An Executive’s Guide To The Cybercrime Underground

David Carmiel, KELA’s CEO

In recent years, the cybercrime underground has become increasingly sophisticated and profitable by preying on vulnerable organizations. As a result, security leaders must gain visibility into what happens in this underground network of illegal activity to protect their organizations from emerging threats and accurately assess their risks.

In this article, I will explore the current state of the cybercrime underground, including its definition, motivations, actors and methods. I will also provide recommendations for security leaders on defending their organizations against emerging threats.

Defining The Cybercrime Underground

The cybercrime underground is a term for virtual sites, methods, platforms and tools with which threat actors congregate and communicate to sell their ill-gotten gains and purchase criminal services and products.

Online forums are an illustrative example of where threat actors conduct illegal commercial activities. Forums provide an effective platform for threat groups, their peers and their potential customers to discuss tactics, technologies and procedures. These virtual venues allow criminals to recruit talent and engage in illegal commerce.

Online markets provide the means and methods necessary—such as advertising space, product descriptions, catalogs and shopping carts—to support the buying and selling of everything, from illegal drugs to stolen credentials to webmails or Slack. For example, automated shops, such as the recently seized Genesis and 2easy, make the purchase of nefarious services and stolen products as simple as the click of a mouse—including the data stolen from your organization.

Telegram and similar messaging apps are also popular among cybercriminals due to their end-to-end encryption and secret chats. These features allow criminals to operate in secret and avoid detection by law enforcement. Cybercriminals use these platforms to recruit new members, distribute stolen data and trade in stolen goods, including malware and hacking tools.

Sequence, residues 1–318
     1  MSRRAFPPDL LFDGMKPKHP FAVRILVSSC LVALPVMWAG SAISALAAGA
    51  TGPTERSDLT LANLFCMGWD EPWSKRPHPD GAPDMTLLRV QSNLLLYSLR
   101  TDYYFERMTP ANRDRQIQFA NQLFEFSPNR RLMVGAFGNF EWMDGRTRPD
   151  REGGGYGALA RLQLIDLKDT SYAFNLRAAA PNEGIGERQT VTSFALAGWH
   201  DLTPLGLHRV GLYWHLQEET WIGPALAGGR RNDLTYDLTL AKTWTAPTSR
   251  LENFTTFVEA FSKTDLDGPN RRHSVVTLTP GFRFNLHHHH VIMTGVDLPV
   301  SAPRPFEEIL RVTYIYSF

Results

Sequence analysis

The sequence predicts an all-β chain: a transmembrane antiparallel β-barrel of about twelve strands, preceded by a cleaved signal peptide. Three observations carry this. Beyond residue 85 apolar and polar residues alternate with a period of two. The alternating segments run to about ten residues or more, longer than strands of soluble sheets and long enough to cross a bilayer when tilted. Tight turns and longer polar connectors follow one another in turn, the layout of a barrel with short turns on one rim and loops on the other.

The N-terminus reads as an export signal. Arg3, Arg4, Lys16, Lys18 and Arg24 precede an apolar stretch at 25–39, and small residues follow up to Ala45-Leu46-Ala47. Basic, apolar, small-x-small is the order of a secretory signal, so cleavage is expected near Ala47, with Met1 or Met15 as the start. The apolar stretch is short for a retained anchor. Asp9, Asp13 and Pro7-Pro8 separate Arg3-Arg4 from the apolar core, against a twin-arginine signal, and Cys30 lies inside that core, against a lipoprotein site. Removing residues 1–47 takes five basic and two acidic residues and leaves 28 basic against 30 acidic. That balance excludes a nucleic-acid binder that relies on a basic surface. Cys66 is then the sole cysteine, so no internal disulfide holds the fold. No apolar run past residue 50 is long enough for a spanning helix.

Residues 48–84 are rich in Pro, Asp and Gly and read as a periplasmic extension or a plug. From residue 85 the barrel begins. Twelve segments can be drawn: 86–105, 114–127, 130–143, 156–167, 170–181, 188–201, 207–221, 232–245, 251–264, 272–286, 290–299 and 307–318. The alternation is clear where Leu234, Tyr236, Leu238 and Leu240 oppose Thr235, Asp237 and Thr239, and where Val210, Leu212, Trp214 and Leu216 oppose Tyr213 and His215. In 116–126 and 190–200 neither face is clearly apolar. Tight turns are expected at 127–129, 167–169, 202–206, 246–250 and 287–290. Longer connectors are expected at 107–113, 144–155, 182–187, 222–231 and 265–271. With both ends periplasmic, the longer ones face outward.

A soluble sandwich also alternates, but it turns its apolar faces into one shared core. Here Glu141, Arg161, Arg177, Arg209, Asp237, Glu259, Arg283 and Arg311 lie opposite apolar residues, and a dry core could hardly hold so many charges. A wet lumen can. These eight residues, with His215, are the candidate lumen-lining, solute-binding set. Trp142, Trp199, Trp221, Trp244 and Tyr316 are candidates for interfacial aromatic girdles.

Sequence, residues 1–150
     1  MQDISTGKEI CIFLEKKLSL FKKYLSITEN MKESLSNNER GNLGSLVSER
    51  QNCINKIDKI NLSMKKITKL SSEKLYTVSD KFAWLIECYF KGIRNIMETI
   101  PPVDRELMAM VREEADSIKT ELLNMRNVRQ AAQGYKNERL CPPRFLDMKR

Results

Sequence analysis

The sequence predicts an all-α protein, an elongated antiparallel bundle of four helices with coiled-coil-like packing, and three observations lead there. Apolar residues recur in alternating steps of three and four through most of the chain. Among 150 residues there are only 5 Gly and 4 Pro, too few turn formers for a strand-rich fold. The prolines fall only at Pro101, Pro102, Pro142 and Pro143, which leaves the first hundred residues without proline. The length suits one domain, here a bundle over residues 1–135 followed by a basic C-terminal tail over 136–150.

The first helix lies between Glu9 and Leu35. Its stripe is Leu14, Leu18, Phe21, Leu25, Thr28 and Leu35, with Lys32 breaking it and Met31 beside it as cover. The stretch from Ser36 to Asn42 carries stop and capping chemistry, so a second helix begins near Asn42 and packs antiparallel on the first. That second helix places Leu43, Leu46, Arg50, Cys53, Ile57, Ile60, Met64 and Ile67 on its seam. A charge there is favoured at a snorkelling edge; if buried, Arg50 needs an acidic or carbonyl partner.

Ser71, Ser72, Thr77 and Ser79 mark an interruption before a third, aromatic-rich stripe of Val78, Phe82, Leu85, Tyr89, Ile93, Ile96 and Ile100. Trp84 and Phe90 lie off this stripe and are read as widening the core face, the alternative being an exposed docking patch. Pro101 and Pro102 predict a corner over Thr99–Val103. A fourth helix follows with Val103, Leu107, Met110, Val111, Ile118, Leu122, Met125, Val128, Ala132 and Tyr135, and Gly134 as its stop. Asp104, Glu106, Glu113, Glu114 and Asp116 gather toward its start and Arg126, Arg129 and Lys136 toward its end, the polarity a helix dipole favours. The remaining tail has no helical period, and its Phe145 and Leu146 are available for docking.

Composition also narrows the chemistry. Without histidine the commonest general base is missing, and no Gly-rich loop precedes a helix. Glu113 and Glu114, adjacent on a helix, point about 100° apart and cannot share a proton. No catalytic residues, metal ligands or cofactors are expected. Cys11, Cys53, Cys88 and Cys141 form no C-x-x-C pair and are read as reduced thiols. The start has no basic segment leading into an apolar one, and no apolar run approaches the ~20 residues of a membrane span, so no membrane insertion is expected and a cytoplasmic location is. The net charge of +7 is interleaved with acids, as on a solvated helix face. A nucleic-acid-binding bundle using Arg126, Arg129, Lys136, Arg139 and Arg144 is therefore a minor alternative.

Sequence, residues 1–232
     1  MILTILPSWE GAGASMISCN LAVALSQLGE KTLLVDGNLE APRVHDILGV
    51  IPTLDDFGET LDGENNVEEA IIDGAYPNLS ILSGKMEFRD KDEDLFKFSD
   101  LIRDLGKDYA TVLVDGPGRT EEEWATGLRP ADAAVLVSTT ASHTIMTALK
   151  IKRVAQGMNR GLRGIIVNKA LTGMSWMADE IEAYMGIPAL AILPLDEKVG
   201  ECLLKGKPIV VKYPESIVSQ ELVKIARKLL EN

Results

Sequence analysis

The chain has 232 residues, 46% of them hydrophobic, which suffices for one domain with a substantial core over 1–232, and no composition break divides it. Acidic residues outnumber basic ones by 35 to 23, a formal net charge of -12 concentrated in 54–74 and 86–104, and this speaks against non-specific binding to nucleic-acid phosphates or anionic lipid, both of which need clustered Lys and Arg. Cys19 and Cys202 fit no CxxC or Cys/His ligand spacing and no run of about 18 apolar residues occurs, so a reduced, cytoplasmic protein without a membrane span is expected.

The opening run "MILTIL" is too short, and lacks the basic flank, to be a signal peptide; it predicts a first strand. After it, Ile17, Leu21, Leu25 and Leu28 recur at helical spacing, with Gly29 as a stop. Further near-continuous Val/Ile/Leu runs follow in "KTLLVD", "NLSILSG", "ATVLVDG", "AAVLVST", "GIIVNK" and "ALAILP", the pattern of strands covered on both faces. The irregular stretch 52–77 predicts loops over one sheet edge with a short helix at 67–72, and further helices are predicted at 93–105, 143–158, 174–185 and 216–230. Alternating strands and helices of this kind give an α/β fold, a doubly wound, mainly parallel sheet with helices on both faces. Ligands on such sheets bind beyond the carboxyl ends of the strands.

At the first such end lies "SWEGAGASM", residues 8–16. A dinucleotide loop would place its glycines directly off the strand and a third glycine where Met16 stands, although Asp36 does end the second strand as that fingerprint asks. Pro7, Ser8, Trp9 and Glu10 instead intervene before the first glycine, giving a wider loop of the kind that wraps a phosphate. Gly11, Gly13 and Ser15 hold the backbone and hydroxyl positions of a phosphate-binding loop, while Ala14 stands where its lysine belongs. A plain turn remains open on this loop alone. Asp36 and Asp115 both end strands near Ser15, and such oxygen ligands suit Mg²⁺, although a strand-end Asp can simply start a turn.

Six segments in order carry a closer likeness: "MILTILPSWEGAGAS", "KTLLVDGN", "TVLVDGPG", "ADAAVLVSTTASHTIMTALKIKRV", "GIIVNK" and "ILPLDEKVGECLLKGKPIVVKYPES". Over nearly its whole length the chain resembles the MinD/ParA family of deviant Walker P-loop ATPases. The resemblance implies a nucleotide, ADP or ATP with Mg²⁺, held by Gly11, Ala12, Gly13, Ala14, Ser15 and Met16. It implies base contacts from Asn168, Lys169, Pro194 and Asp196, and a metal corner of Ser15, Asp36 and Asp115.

Why The Term "Dark Web" No Longer Fits

Before illegal marketplaces and automated shops existed, the term “dark web” was used to describe the use of an anonymous browser, most notably Tor, to facilitate interactions between criminals. Today, anonymous browsers are used for such benign activities as reading the news or scrolling social media. Using Tor is no longer an indication of illegal activity; instead, it reflects the growing desire shared by honest, hard-working people to remain anonymous as they navigate online.

As commercial activity on the internet has matured, the term cybercrime underground has become more accurate and descriptive than the overused and ill-fitting expression “dark web.” Cybercrime underground reflects the nature of all online criminal activity, not just the medium used to access or carry out illegal activities.

Over the years, the term "dark web" has been exaggerated to include misleading and untrue statistics

Rather than a dark and scary place where hired assassins lurk in the shadows, as it has been portrayed, the dark web—as the term used to describe the cybercrime underground—resembles any other financially driven market governed by the same rules of supply and demand.